Chicken nanban Miyazaki style, tartar source!
Marinade: 1/3 cup rice vinegar/1/3 cup mirin/2T soy sauce/4T sugar/1T ketchup/1T Vegetable and Fruit Sauce (available at Japanese food stores)/
squeeze lemon juice/salt and pepper to taste
Chicken: 2 lb thigh and legs deboned/Salt and pepper/Unbleached flour/1 egg, lightly beaten/1 quart cooking oil (rice bran, canola or other high smoke point vegetable oil)
Tartar Sauce: 1C mayonnaise (homemade if you can)/2 boiled eggs, chopped
2T chopped onions/2T chopped shibazuke (Kyoto-style salt-pickled eggplant, available at Japanese food stores)/2T chopped parsley/Salt and pepper to taste
Cut the chicken into bite-sized pieces, salt and pepper and set aside.
Heat oil in a saucepan over medium flame. The oil should be at least two or three inches deep, for deep frying.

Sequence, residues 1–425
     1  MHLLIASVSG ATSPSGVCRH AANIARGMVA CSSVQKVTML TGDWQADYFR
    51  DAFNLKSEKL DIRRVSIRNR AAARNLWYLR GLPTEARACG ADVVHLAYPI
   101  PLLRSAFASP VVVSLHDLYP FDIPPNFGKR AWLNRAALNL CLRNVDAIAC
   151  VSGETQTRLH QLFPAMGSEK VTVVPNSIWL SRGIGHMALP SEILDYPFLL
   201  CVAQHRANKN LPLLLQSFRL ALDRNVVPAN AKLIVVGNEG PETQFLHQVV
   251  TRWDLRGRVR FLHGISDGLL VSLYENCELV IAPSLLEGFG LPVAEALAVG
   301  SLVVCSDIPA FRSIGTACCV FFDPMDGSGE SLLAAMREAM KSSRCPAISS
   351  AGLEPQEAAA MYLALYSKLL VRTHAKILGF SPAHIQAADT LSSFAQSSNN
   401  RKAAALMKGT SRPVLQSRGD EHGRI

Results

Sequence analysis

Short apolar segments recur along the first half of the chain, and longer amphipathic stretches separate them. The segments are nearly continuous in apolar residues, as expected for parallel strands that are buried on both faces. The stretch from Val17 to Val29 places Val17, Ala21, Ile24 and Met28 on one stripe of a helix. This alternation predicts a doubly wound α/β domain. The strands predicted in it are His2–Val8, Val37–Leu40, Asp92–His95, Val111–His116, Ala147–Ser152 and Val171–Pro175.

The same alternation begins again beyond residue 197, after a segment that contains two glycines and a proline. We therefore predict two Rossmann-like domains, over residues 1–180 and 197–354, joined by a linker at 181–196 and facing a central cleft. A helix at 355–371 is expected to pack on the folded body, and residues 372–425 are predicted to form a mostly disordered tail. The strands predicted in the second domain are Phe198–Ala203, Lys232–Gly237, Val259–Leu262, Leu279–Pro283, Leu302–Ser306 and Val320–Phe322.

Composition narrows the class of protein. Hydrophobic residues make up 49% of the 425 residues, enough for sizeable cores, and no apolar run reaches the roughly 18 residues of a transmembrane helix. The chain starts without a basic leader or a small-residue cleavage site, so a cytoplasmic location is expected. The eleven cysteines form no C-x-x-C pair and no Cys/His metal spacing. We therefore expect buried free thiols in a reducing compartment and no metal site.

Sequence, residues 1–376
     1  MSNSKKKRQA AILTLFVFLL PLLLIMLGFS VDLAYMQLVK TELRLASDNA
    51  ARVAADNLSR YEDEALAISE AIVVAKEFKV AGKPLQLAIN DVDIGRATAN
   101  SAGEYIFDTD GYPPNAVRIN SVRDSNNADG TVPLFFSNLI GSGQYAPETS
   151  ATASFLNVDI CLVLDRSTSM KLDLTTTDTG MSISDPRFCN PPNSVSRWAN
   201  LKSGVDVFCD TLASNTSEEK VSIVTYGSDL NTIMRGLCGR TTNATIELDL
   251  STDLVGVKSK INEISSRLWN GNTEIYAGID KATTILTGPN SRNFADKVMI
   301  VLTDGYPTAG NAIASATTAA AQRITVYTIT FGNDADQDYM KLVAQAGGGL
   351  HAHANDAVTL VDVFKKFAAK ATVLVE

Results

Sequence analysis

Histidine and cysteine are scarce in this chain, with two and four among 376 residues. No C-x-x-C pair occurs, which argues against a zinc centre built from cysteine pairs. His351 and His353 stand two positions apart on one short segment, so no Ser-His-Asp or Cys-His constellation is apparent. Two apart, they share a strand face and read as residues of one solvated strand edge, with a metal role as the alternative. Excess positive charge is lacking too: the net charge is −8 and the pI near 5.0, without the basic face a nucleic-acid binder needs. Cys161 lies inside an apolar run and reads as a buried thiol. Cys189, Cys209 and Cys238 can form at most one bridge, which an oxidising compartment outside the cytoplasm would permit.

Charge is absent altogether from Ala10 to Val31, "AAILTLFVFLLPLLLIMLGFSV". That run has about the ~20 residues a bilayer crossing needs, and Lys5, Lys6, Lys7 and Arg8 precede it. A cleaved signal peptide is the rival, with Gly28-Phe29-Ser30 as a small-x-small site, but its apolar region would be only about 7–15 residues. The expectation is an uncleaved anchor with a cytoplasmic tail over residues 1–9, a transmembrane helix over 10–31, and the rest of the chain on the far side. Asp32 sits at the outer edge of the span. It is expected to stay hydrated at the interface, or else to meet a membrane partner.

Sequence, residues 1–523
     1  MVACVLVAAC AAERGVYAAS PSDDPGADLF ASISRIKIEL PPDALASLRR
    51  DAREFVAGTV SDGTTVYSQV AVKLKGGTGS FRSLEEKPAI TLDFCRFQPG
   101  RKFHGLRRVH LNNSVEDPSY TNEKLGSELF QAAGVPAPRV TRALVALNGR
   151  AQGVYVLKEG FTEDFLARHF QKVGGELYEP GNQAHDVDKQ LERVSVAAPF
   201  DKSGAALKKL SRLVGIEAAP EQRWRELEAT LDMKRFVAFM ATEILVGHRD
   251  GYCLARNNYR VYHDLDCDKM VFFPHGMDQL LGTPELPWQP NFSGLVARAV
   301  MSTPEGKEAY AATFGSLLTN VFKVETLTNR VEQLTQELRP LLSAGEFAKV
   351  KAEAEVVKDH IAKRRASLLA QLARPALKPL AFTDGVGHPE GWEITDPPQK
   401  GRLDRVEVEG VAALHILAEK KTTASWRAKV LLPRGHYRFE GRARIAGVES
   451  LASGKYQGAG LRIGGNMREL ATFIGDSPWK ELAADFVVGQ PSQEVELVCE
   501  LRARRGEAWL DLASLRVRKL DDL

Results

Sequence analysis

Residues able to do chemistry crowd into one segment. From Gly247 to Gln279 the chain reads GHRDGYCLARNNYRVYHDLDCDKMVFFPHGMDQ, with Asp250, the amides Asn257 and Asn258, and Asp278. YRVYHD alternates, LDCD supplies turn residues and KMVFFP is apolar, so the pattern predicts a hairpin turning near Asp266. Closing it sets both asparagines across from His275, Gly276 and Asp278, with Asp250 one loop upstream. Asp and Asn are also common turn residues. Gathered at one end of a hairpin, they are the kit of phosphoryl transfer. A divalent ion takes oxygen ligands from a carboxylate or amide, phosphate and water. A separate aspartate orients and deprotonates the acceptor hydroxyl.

Prepare the marinade by mixing all the ingredients in a bowl. Set aside.
Prepare the tartar sauce by mixing all the ingredients in a bowl. Set aside.
Deep fry the chicken: Lightly coat the chicken with flour. Break off a tiny piece of the chicken and drop in the oil to check the temperature. When the piece sizzles and floats to the top, the oil is hot and ready (See the May '08 issue of Savuer, p. 104, for more on how to gauge oil temperature without a thermometer). Cook the chicken in batches. Dip a piece of the flour-coated chicken in the egg mixture and gently ease into the oil. Repeat with other pieces, adding them to the oil until you have enough in there without overcrowding. If you add too much chicken at once you'll drop the temperature of the oil and the pieces will fuse together. Cook for about four to five minutes, until the color turns to golden brown. Transfer to a plate lined with paper towel and deep fry the rest of the chicken.
To serve, dip the fried chicken in the marinade to coat, and arrange the pieces on a serving plate (hopefully a nice rustic piece of Japanese pottery!). Pour the tartar sauce over the chicken. Eat while it's hot.